Four print-ready projects

II. Kanu Kahoʻolawe

Kohemālamalama O Kanaloa is another name for Kahoʻolawe: Shining Womb of Kanaloa, god of voyagers. Forty years ago a group of nine Hawaiians embarked from Maui Island on a voyage of occupation, cultural reclamation and rebirth. Prior to the use of Kahoʻolawe as a naval bombing range, goats and cattle had stripped vegetation from vast areas, leaving precious topsoil to blow away or wash into the ocean when heavy rains fell. In some places, the elevation has dropped 15 feet in the past 20 years. When the bombs stopped falling, in 1990 Kahoʻolawe was a severely devastated landscape, on many levels.

Kanu in Hawaiian language is the verb for plant. Since 2004, kanu has been a major activity on Kahoʻolawe. Inspired by the original Hawaiian occupiers and reclaimers of the island, volunteers now visit, hundreds a year, bringing with them seeds and seedlings of the native Hawaiian vegetations that once covered the island. The activity of kanu, of replanting, helps to hold remaining soil, and to build new topsoil. It is literally bringing the island back to life.

The island carries a deep significance in Hawaiian culture; its other name is a reference to the god of the deep ocean, Kanaloa: Kohemalamalama O Kanaloa. A cultural site on one peak, Moaʻula iki, is connected with navigation, and another site, a point of land, is a departure place for ancient voyages to the south. Other cultural sites ring the island’s shores. The island has become a center for the practice of Hawaiian cultural ceremonies, especially the Makahiki, the tribute to the god Lono, marking the first appearance each year of the constellation Makaliʻi (Pleiades). When the ala loa (long trail) is completed, it is anticipated that the image of Lono will be carried in procession entirely around the island’s circumference.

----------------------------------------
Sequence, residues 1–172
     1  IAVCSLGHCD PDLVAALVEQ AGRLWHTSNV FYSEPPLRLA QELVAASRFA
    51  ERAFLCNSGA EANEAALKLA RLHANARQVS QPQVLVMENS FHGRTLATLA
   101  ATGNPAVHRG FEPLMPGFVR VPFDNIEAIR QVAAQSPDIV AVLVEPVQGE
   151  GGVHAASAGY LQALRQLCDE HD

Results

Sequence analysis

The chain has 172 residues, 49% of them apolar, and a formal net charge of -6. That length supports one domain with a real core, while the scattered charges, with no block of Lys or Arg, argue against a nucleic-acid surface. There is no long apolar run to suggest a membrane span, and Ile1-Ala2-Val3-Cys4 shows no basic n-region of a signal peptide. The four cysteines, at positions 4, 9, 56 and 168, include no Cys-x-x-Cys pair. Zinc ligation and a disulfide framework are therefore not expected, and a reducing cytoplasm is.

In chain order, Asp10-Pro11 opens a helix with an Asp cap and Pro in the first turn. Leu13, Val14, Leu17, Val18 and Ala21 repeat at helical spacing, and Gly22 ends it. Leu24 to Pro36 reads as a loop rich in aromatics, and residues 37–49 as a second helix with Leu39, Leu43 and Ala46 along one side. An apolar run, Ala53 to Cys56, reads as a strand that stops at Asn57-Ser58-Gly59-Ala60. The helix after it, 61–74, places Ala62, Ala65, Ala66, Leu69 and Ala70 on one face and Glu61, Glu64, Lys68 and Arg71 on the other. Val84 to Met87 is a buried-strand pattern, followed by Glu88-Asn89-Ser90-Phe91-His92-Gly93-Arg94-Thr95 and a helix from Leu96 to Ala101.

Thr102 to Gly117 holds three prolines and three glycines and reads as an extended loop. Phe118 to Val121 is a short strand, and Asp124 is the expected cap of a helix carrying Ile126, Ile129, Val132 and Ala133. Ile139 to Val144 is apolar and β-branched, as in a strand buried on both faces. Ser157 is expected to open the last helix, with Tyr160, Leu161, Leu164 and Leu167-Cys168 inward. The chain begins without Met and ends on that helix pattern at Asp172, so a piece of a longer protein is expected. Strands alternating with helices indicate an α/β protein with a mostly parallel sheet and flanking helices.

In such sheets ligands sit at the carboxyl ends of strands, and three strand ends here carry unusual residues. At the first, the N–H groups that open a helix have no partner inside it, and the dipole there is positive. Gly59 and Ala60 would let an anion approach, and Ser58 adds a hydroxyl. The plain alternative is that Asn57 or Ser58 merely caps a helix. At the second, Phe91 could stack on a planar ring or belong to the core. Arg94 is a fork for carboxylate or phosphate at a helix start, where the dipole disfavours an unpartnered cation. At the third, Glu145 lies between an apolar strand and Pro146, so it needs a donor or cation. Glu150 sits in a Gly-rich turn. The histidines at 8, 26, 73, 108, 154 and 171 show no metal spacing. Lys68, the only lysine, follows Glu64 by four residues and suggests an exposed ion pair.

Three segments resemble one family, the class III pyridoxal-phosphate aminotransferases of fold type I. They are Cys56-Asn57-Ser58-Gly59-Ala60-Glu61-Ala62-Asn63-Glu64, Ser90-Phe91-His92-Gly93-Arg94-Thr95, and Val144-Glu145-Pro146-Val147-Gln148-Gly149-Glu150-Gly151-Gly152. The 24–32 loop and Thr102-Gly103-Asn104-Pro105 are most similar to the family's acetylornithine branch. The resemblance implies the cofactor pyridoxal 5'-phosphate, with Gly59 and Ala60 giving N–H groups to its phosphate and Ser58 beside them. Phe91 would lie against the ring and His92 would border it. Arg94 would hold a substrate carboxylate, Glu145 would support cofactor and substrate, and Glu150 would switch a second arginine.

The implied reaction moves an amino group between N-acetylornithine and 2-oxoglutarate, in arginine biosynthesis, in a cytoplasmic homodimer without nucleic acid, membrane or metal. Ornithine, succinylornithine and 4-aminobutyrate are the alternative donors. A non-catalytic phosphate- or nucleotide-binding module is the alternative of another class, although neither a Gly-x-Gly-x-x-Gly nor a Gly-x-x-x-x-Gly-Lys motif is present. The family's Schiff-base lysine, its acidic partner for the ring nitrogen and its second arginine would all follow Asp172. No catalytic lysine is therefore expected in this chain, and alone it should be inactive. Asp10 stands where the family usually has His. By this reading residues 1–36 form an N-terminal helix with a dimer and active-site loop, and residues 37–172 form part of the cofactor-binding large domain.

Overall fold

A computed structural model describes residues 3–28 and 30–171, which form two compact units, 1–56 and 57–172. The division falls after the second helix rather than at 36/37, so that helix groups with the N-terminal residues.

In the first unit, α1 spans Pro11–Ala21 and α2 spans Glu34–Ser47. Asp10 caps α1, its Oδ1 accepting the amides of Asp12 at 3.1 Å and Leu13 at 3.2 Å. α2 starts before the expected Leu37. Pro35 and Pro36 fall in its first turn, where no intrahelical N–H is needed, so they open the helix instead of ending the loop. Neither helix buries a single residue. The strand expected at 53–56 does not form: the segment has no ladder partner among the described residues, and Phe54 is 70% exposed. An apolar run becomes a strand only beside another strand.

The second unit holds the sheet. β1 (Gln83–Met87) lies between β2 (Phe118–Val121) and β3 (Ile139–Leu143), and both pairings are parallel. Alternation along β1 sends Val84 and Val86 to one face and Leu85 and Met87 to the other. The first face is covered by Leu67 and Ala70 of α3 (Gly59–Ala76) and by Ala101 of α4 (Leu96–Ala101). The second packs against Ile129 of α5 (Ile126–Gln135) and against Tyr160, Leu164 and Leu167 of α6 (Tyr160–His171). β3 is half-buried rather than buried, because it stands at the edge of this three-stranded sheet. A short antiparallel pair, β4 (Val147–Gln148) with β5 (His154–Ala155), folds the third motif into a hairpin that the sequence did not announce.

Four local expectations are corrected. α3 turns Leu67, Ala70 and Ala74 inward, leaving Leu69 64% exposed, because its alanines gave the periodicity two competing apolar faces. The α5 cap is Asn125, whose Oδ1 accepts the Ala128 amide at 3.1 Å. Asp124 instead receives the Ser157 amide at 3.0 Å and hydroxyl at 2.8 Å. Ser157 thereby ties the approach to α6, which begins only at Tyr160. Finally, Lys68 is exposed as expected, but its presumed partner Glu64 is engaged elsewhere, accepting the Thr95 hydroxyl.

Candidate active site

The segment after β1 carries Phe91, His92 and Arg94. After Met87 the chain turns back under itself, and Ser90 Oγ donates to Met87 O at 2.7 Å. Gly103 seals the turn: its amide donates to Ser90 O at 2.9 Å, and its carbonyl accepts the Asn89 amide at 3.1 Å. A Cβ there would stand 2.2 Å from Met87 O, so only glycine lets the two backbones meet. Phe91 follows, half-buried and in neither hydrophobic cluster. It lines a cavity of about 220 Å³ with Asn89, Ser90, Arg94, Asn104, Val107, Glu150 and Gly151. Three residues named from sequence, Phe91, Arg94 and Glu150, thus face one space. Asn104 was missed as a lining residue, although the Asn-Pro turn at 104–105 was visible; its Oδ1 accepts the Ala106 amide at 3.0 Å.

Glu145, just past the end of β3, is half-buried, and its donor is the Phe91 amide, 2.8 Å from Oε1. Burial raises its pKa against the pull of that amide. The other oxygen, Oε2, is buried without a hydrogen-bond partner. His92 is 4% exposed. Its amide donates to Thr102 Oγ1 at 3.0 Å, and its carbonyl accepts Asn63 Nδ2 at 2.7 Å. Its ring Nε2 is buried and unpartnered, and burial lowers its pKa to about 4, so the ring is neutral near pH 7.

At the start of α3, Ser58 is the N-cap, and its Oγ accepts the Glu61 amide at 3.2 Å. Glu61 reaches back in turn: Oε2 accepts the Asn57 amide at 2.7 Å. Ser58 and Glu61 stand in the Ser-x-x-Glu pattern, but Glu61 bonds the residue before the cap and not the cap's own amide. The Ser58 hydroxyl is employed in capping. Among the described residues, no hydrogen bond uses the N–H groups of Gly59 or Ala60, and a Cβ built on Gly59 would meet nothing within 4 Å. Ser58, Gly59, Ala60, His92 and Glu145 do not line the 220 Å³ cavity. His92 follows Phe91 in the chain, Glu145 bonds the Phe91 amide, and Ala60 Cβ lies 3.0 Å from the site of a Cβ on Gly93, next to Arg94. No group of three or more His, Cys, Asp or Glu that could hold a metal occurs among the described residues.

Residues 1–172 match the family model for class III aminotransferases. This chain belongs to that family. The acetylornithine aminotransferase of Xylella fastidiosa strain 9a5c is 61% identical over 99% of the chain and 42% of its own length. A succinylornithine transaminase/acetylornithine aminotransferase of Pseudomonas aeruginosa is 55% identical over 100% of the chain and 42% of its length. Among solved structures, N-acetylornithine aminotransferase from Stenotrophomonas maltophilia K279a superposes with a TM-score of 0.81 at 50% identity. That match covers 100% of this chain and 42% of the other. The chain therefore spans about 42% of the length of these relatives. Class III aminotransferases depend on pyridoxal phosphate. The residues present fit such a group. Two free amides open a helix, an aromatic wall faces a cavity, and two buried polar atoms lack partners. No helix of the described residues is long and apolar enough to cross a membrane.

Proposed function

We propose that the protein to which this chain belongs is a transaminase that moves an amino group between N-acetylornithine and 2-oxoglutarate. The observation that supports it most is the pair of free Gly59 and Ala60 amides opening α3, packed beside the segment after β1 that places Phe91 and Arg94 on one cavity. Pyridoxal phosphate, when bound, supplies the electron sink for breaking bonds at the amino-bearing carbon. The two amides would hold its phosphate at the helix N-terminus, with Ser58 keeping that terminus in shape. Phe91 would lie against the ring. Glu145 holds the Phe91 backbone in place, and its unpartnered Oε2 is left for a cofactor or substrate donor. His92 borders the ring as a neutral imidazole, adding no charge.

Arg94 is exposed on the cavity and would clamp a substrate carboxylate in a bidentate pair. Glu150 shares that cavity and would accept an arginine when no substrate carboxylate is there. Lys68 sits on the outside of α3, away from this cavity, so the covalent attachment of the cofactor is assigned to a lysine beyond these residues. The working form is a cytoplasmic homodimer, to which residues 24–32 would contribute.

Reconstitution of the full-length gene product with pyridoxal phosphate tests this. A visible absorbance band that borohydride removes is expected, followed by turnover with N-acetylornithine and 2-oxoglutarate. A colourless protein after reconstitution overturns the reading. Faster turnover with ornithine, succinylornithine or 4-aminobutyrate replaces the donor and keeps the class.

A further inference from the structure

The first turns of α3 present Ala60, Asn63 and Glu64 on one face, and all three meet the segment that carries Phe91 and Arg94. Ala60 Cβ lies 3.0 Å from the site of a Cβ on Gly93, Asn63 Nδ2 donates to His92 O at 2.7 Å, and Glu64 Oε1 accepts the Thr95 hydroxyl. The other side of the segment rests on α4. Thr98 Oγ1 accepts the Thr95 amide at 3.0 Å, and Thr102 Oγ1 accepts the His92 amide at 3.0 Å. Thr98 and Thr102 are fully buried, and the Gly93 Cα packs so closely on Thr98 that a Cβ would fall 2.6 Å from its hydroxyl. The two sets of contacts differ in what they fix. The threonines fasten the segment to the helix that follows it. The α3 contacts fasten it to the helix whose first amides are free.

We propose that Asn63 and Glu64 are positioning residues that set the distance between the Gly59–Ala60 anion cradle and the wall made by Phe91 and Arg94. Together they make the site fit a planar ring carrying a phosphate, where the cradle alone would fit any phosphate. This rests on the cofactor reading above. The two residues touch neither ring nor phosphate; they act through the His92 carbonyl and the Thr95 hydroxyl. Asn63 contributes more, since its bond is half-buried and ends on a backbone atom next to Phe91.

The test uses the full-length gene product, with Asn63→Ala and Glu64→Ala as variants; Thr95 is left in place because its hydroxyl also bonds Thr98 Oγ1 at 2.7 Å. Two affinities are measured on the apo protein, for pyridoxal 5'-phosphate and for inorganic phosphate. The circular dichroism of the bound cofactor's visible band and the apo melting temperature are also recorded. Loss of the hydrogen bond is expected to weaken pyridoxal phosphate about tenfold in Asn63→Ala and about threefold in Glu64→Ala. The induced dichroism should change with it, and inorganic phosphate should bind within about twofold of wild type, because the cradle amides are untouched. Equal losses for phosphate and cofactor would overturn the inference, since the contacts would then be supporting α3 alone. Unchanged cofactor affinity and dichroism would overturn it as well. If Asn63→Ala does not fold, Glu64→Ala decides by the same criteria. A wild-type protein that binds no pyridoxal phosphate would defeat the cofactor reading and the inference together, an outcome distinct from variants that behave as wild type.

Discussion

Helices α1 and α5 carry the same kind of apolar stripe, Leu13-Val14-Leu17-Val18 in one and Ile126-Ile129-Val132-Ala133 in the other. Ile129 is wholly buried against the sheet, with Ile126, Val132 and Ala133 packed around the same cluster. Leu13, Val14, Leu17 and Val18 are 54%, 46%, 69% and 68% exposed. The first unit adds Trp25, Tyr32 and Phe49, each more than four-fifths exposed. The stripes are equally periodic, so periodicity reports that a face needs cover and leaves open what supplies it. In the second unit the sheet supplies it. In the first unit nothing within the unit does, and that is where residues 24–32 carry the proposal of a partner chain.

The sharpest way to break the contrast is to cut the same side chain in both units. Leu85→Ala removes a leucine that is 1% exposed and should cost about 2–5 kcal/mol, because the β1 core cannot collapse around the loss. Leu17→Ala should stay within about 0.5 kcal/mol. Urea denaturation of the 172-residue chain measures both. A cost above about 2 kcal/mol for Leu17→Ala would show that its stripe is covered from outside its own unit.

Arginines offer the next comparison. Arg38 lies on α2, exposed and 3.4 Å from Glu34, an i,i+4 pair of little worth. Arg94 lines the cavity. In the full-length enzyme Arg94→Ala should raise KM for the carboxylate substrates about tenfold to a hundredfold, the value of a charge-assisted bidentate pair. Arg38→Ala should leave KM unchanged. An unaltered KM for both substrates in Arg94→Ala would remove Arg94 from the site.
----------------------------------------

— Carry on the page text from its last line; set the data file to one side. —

This series, then is an acknowledgement of luku, of ecological, cultural and spiritual devastation, but also a tribute to the dedication of so many to kanu and to hoʻohānau hou (create rebirth), both physical and spiritual. It is also a tribute to those whose sacrifices made possible the return of Kahoʻolawe.

The ʻoli komo (entrance chant) for those landing on Kahoʻolawe:

He haki nu‘anu‘a nei kai
‘O ‘awa ana i uka
Pehea e hiki aku aku ai
‘O ka leo
Mai pa‘a i ka leo
Indeed a rough and echoing into the uplands
How is it that the one lands
It is the voice
Please don’t hold back the voice

Additional images from this series

The 2016 exhibit at the Burke Museum in Seattle with Carl Pao

Related images from Mākua Valley on Oʻahu – also appropriated after Pearl Harbor for military exercises